Let’s get fancy with false flags

A quick demonstration on how to appear as an APT28 related C2

A lot is going on today with APT28 (allegedly the Russian military intelligence agency GRU). Indeed, they are very prolific and quite good at spear phishing.

They recently targeted the Emmanuel Macron’s campaign and the #EMleaks were mostly attributed to Russia — which makes sense — but is it supported with any full-proof evidence? No and here is why.

Anyone can add fake metadata

Just install a Russian version of Windows, add a Дмитрий user, setup Microsoft Office, open a new document and voilà! You can now create or edit any Word document that will look like it was written by Dmitry from Moscow. That also works very well with Visual Studio and malware.
Second option is to manually edit the raw document. Let’s take a random .docx document, extract it (it’s just a zipped archive) and then modify the docProps/core.xml file that contains the metadata with the author name and timestamps. Great succes, you are now a data tampering troll master.

Copycat attacks

Antivirus editors and cybersecurity vendors are giving public reports about the Tactics, Techniques, and Procedures (TTPs) of the most advanced APTs. 
So what is preventing another group of impersonating the methodology of any known APT and mimic them? Nothing, and we’ve already seen in the past malware authors mimicking others people work. So that won’t work either as a proof.

Infrastructure reuse and fake DNS data

There are known lists of domain names used in cyberattacks by various groups. Every now and then antivirus editors will take over malicious domain names (because they ask nicely, or because the domain is available) in order to track victims. Guess what? APTs can also do that! I found several APT28 related domain names that were used in 2014 that are currently available: asisonlline[.]org, bostondyn[.]com, cublc[.]com, …
Anyone can use them now to confuse cyber analysts.

To go even further and as an experiment I setup my own domain mimicking some APT28 artefacts: totally-legit-cloud.email that has been registered using the same information as another APT28 phishing domain used during the attack on EM staff. Upon registering a domain name registrars will ask you about your name, address, etc. These data are never verified and anyone can fake them:

This domain (that I own) is now linked with actual APT28 infrastructure:

 

 

 

 

 

 

 

 

 

 

 

 

Anything can be spoofed, really.

Who did it then?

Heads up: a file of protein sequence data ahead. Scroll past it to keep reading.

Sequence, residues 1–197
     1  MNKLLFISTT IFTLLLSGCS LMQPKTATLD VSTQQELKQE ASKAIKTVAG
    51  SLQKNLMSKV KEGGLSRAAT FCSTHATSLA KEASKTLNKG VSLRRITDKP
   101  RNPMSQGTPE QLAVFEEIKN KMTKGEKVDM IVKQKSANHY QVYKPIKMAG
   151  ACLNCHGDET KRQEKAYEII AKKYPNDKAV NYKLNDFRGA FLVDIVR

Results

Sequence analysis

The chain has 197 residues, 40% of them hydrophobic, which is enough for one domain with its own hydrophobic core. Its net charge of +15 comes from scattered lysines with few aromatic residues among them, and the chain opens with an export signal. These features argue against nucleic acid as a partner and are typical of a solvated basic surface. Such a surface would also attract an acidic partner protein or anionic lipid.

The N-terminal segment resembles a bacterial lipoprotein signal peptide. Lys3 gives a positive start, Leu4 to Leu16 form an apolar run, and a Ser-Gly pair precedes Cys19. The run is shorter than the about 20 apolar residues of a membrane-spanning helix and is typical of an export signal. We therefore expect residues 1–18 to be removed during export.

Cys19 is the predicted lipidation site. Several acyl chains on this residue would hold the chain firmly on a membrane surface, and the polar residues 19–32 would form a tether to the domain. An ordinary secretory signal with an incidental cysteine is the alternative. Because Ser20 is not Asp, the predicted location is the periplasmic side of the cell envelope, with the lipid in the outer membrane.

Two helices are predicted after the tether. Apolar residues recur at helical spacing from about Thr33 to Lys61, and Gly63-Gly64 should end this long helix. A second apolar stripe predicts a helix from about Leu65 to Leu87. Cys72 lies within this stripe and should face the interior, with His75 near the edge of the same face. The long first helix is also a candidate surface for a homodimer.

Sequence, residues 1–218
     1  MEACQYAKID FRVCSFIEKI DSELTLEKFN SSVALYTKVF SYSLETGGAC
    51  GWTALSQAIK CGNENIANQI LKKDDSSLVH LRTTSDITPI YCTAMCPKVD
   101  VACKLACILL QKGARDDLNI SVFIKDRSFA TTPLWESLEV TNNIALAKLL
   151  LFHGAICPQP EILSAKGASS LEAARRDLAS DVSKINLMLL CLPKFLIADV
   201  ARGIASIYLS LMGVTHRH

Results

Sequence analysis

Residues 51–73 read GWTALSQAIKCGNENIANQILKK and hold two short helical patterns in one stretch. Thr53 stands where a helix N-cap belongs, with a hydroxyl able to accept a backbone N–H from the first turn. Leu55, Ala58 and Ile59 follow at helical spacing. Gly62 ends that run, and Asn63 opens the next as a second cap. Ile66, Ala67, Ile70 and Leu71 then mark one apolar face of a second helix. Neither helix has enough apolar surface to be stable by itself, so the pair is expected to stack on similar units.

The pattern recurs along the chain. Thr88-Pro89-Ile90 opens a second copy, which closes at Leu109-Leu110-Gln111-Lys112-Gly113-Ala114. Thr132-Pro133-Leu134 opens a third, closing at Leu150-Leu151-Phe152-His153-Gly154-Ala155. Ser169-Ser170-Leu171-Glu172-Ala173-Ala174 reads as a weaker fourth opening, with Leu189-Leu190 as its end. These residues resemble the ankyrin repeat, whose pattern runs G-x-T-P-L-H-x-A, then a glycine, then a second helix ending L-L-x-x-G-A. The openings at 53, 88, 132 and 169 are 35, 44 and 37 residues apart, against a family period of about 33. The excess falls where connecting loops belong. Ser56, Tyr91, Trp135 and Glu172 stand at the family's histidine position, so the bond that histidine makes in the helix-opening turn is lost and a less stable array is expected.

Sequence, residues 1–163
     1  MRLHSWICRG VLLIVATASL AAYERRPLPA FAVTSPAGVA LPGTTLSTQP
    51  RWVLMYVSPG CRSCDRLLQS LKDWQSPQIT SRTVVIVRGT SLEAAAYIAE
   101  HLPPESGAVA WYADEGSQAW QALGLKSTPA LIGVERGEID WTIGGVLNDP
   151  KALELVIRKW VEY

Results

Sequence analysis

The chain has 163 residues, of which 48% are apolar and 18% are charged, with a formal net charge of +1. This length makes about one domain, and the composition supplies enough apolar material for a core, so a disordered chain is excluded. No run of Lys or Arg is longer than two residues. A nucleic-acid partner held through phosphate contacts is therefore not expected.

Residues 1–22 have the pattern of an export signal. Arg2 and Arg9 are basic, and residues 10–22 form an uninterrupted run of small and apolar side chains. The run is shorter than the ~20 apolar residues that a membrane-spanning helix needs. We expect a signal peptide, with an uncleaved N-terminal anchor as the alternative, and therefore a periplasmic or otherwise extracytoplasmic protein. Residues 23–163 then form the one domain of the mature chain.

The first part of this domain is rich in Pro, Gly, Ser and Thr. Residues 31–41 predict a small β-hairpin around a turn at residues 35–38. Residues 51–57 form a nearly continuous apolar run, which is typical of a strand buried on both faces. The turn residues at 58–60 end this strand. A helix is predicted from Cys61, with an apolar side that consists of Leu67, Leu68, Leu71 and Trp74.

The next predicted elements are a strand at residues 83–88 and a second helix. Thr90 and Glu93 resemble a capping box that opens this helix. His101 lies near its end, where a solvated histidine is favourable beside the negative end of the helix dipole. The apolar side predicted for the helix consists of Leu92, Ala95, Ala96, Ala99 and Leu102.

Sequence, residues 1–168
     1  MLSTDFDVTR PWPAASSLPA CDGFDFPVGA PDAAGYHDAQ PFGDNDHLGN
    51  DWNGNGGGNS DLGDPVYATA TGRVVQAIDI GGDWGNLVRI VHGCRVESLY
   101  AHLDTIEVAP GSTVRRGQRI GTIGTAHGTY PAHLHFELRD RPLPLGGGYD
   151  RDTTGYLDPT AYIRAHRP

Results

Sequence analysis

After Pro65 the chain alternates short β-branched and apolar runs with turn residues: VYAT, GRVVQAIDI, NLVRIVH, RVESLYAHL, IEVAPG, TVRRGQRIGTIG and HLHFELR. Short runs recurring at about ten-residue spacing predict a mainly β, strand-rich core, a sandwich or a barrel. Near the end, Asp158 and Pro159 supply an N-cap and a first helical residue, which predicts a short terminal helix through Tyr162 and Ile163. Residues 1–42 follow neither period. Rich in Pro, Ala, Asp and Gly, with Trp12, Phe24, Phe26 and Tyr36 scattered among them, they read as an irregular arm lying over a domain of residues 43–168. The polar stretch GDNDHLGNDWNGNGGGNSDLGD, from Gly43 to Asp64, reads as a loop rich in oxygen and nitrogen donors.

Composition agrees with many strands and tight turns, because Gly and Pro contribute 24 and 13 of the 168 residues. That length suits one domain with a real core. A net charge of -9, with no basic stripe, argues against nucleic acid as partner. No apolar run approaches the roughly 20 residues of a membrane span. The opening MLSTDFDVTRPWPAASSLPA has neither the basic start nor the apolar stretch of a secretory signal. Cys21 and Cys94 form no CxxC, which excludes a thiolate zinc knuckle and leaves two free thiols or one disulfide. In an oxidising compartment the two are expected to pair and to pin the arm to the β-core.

We can only make assumptions so far. Now that everyone is aware of false flag attacks, APT28 strategists could choose to keep going on with attacks without giving a single f*ck about their fingerprints because they know anyone can impersonate them anyway. So why bother changing your TTPs? Dumb analysts will say “it’s too obvious so it can’t be the Russians”. Yes it can. Maybe it’s not? Only some intelligence agencies may really know what’s up and the Russians will play along that very well.

Clear attribution is nearly impossible based on metadata alone

Now more than ever, every byte that can be tempered with will be. We’ve seen through leaked documents that both the CIA (UMBRAGE project) and the NSA (Fourth Party team) are already doing so in order to cover their attacks and blame others.

One of the tool (ELECTRICSLIDE) impersonates a Chinese browser with fake Accept-Language

 

Cyber attribution is something that won’t be possible in the future. Most „APTs“ have dedicated teams repurposing foreign CNE tools..

 

Some people might think at this point “it’s okay because most of the APT IoCs are confidential and only TLP RED”: keep in mind that most APTs are state-sponsored and that all of them have governmental CERT that can access this data legitimately. For instance, the British doesn’t even make a difference when recruiting engineers for defending or attacking networks. Because they know these kinds of attacks are the future of covert CNE operations.

Parallel diplomacy

In addition to all that, we have to acknowledge that nowadays hacking is also a way of sending a message. The Russians might want to be seen to send a clear message to the next French president: “you know we can hack you easy peasy, you don’t like Putin ok, but don’t mess with us”.
In the military that is called a show of force. And the young Emmanuel Macron will surely remember that he was personally (him and its teams) targeted and somewhat successfully hacked. That’s like having a red dot from a laser of a sniper rifle pointing at you. Scary? Yes. Will it shoot? Maybe.
That’s yet another example of cyber as an instrument of deterrence (see also Stuxnet, Shadow Brokers, …).

Conclusion

Don’t rely solely on technical artefacts found here and there to base your opinions. Sometimes it’s not that easy to attribute a computer attack to a known threat actor, things can get a little more complex… Don’t get yourself easily manipulated: think about the implication of the hack and what may be the original intent of the threat actor.
Only high confidence concurring sources will help revealing who is behind an attack, otherwise it’s just plain speculation.

Source: 100% by (@x0rz)

 

Willkommen

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